Meet Chalice Mitchell
Currently Showing Until April 11
A Bit About Chalice
About Chalice Mitchell
Chalice (pronounced like the cup) Mitchell is a figurative painter based in Western Massachusetts. She was raised mostly in Maine and Vermont and has lived in British Columbia, New York, Oregon, Colorado, Florida, the West Midlands, UK, as well as Kyushu and Shikoku, Japan.
Mitchell has exhibited internationally, including shows in Tokyo, London, New York, Moscow, Athens, Wellington, and Vancouver. Her work is owned by collectors across the world and she has attended residencies in Japan, Italy, the United Kingdom, and the United States. She has a BFA from Ringling College of Art & Design and an MFA from the University of South Florida.
Recently Mitchell received generous grants from the Martha Boschen Porter Fund to create a new body of work in marble and the Artist Resource Trust Fund to create a new series of large paintings. She has also received grants from the Carving Studio & Sculpture Center, Assets for Artists at MASS MoCA, and the College Arts Association. Just as this Show was set to open, Mitchell also received notice of two more grants, one from the Northern Berkshire Cultural Council, and another from the Mass Cultural Council.
My work explores the spaces in between gender, power, sensuality, religion, identity, and impermanence. Fluidity and the overlap of apparent opposites are consistent elements both conceptually and aesthetically in my work. By exploring the area between dichotomies, I aim to break down rigid categories and open up a space in which interaction can occur. As a woman in the predominantly male arena of combat sports, I am keenly aware of the limitation and falsehood of gender-based stereotypes and create artwork in order to destabilize limited (and limiting) gender divisions.
Since we relate to the world via our bodies, the physicality of paint connects the introspective inner world to the outer world of others. Through my work, I investigate the space that separates us, yet enables us to relate. This simultaneous division and connection between self and other shapes the formation of individuality. In the words of David Lomas, “Self-portraiture is the outcome of a dialectic of self and other. The subject is neither identical with itself nor with the portrait that each of us paints of ourselves, that consoling fiction of an autonomous ego invested with attributes of permanence, identity and substantiality.” Identity is fluid and interdependent, reliant on a push and pull relationship with the external world.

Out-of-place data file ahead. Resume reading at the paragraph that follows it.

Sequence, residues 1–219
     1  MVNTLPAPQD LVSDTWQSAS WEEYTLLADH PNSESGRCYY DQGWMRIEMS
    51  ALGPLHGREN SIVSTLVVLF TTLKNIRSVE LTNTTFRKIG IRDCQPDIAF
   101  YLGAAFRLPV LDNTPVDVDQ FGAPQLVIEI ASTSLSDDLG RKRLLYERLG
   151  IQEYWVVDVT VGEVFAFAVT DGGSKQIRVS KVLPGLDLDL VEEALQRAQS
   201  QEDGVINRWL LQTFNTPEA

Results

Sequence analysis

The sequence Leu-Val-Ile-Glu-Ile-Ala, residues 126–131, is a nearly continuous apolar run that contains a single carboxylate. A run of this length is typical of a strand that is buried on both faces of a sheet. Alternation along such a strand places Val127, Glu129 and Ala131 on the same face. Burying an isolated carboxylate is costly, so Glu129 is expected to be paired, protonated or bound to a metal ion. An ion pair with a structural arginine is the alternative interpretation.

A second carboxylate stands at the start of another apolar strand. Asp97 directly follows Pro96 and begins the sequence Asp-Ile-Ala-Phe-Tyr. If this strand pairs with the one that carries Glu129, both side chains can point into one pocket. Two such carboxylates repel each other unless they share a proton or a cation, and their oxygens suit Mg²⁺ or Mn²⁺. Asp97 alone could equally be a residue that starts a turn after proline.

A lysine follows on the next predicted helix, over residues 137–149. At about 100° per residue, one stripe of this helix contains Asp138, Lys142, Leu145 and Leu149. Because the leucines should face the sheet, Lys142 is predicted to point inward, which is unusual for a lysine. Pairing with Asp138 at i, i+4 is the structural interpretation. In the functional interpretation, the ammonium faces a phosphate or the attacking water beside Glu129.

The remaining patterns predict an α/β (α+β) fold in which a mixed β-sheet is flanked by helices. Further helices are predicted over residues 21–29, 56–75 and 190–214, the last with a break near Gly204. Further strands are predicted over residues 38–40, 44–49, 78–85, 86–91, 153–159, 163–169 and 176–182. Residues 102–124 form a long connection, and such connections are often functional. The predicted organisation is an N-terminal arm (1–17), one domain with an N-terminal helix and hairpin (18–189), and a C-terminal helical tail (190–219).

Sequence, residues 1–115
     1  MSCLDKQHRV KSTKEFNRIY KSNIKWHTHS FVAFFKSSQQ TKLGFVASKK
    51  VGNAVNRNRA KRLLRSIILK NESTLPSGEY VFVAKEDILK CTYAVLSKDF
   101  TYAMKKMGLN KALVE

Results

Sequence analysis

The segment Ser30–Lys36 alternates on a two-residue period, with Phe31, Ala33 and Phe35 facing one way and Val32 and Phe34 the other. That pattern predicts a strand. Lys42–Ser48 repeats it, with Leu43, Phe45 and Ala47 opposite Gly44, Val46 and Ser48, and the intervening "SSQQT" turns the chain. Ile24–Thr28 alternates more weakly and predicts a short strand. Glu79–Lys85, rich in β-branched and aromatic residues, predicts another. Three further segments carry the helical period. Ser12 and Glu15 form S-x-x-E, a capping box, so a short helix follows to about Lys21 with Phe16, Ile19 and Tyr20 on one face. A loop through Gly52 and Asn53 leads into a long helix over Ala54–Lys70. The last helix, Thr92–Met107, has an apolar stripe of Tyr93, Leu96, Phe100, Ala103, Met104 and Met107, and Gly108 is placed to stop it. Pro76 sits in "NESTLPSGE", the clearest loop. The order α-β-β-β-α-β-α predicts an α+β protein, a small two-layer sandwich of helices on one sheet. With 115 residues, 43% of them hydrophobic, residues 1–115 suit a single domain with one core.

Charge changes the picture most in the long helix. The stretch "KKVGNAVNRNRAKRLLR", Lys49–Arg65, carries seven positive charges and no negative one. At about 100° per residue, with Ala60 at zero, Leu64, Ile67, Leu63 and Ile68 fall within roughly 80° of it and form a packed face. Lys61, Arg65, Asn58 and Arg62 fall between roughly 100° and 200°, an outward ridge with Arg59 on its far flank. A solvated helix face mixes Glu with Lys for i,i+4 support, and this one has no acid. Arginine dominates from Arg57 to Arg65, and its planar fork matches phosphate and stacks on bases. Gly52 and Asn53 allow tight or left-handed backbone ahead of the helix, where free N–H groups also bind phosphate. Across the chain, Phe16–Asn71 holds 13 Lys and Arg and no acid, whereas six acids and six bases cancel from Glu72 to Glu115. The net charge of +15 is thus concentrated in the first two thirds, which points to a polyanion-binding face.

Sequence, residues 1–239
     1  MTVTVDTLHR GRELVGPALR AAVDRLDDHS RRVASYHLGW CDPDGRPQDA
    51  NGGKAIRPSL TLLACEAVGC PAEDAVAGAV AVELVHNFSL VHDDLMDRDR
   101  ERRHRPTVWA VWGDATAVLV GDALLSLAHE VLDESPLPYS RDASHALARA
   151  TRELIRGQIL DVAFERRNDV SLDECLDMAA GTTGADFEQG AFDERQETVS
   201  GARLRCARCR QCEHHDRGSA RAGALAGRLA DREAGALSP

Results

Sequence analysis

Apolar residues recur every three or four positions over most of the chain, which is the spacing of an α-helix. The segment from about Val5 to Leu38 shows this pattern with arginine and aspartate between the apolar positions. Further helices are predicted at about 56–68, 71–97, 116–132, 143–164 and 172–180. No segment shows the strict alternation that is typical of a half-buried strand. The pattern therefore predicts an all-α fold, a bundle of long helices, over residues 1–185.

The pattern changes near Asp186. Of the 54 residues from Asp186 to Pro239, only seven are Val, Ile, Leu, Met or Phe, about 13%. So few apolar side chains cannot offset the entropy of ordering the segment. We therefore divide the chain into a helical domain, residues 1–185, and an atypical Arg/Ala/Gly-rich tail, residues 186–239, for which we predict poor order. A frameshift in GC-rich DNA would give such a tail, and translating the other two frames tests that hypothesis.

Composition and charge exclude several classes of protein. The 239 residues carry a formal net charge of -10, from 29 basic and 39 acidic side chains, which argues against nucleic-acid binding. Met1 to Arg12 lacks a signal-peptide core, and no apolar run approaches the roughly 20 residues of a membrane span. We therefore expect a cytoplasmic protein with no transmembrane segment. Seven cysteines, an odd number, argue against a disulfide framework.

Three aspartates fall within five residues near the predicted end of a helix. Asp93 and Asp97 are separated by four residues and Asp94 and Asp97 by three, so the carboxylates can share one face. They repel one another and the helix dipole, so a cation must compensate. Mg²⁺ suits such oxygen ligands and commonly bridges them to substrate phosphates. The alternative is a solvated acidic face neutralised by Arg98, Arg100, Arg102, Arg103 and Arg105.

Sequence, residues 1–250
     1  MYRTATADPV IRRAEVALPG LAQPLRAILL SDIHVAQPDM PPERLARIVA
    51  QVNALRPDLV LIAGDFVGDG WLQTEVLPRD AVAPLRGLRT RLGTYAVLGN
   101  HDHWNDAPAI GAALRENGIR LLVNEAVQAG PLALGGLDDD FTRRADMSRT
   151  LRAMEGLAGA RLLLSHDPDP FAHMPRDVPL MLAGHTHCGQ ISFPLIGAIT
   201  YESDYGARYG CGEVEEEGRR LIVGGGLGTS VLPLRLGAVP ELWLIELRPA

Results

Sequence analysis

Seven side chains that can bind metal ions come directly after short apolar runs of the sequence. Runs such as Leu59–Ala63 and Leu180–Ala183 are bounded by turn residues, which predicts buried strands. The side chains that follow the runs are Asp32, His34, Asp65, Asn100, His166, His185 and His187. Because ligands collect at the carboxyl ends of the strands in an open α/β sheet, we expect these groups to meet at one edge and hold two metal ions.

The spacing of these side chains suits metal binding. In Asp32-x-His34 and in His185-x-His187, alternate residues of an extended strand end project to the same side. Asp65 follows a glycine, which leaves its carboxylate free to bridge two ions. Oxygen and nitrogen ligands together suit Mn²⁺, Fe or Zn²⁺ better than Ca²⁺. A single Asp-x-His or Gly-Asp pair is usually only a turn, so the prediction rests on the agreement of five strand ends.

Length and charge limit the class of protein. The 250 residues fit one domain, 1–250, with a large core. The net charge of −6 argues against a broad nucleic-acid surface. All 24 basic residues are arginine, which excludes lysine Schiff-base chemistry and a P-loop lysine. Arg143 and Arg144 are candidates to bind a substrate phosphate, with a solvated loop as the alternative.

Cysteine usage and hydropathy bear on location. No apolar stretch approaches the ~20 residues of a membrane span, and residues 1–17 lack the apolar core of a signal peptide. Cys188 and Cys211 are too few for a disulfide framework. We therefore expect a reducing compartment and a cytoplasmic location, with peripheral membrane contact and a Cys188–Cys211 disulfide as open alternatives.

Having studied classical oil painting in the western lineage and ink painting in Japan, these two influences overlap in my work. In my paintings, brush strokes break apart and dissolve into the background, inspired by flying white, a technique from ink painting in which the stroke itself opens up to reveal the bland paper underneath, integrating the empty space with the ink, symbolically eradicating dualism. In my work, this cohesion of opposite entities (paper and ink, empty and full, body and space, inner and outer) is echoed in oil on raw linen. I am fascinated by the sensuality of religious art in the late-Renaissance and Baroque periods. The visceral medium of oil paint brings a sensual touch to this combination of the spiritual and the sexual. I am interested in the spaces between, the grey areas, the intersections, the multifaceted quality of identity, social relations, history, and the messy nature of human experience.
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